The design followed the concept of creating a ‘Landscaped Architecture’, whereby the boundaries between the natural and built environments become blurred. This became an important mechanism in establishing not only connections between the natural and built environments, but also between these environments and the building’s inhabitants. The design utilizes a layout whereby the buildings are formed around the central courtyard, creating intimate internal spaces between the buildings, and more open spaces towards the perimeter. The buildings are situated on different levels of the land and are treated like giant planter boxes, each with a roof landscaped by either natural vegetation or ponds. In doing so the architecture not only sits sensitively on the land, but actually becomes part of it. The planter boxes also provide cooling effects to the spaces below and assist with rainwater collection. Because of the remote location of the project, it was important that the Villa could operate self -sufficiently. To achieve this, a number of green systems and design approaches were adopted. The splitting of building forms created natural ventilation through the site, as well as through each individual building; effectively cooling the spaces and reducing the strain on the system of solar panels and batteries.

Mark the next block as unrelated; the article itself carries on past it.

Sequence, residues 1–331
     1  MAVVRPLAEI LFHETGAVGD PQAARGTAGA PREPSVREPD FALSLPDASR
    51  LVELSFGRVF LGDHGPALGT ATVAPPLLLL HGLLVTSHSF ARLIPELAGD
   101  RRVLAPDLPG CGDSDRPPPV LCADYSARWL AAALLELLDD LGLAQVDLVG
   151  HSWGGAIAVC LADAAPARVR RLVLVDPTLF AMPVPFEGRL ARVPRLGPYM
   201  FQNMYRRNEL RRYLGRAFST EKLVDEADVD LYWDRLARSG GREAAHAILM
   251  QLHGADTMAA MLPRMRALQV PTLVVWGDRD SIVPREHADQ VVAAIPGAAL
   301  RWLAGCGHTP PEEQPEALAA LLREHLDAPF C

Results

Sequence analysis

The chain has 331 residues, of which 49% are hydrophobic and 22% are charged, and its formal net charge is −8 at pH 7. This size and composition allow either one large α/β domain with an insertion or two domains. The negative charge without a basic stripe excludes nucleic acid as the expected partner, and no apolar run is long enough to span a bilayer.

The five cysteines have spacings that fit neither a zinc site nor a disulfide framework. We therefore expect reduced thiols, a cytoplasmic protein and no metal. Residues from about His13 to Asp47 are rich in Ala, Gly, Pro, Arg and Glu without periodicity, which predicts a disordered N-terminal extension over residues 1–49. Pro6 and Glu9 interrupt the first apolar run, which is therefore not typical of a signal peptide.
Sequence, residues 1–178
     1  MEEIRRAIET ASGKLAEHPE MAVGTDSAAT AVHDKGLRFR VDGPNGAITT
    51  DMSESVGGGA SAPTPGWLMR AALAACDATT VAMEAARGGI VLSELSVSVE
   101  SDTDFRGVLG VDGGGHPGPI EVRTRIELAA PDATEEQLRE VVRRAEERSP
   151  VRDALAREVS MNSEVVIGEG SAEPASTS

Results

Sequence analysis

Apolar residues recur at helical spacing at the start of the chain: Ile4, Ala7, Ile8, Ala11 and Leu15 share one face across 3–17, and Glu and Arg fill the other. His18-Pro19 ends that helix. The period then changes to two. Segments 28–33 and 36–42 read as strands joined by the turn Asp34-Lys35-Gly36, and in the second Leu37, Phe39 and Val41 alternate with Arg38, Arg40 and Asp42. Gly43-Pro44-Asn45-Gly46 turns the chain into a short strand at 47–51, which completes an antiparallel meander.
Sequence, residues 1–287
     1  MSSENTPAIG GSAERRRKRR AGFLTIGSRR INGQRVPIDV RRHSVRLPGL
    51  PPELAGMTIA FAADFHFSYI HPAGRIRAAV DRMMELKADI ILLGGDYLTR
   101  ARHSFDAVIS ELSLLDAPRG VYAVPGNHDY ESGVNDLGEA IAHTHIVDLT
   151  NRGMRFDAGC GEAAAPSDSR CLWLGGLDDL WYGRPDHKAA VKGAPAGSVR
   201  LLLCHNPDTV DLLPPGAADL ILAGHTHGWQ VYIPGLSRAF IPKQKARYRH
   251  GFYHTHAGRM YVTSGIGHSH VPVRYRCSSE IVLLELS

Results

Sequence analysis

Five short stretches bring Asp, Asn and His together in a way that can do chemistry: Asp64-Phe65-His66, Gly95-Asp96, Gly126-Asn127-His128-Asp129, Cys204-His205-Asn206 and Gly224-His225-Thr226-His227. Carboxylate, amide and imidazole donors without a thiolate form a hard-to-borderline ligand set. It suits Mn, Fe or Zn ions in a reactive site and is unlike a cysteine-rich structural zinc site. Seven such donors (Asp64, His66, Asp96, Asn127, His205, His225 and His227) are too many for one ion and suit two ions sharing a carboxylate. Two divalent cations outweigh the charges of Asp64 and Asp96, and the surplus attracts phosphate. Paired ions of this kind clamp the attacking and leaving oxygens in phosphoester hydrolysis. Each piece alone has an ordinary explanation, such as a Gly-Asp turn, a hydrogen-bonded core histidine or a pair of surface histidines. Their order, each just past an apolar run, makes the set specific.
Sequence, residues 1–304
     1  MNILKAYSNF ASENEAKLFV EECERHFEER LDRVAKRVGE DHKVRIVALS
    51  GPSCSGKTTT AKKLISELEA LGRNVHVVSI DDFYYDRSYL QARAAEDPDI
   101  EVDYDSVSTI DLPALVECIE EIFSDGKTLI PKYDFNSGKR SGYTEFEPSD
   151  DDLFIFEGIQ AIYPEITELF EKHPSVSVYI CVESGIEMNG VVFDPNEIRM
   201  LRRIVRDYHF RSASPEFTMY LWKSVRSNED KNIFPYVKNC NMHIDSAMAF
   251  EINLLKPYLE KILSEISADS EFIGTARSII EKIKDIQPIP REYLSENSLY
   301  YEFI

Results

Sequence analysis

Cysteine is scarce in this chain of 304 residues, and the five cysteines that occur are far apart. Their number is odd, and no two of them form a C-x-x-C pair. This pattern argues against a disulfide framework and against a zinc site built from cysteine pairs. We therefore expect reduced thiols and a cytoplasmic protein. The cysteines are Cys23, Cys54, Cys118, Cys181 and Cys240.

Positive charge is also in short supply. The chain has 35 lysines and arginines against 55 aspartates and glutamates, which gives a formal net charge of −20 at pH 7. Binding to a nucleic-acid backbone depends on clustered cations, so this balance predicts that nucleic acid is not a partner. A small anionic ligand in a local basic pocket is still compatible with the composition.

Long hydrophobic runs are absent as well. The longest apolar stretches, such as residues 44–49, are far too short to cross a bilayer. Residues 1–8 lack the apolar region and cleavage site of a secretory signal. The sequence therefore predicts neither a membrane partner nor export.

The material palette is largely comprised of natural and locally sourced materials, meaning that not only could local suppliers and artisans be supported by this initiative, but also that the carbon footprint of the building could be further reduced. In adopting this approach the material palette becomes a true reflection of the building’s location, further blurring the line between the architecture and its landscape.
+ Word of Mouth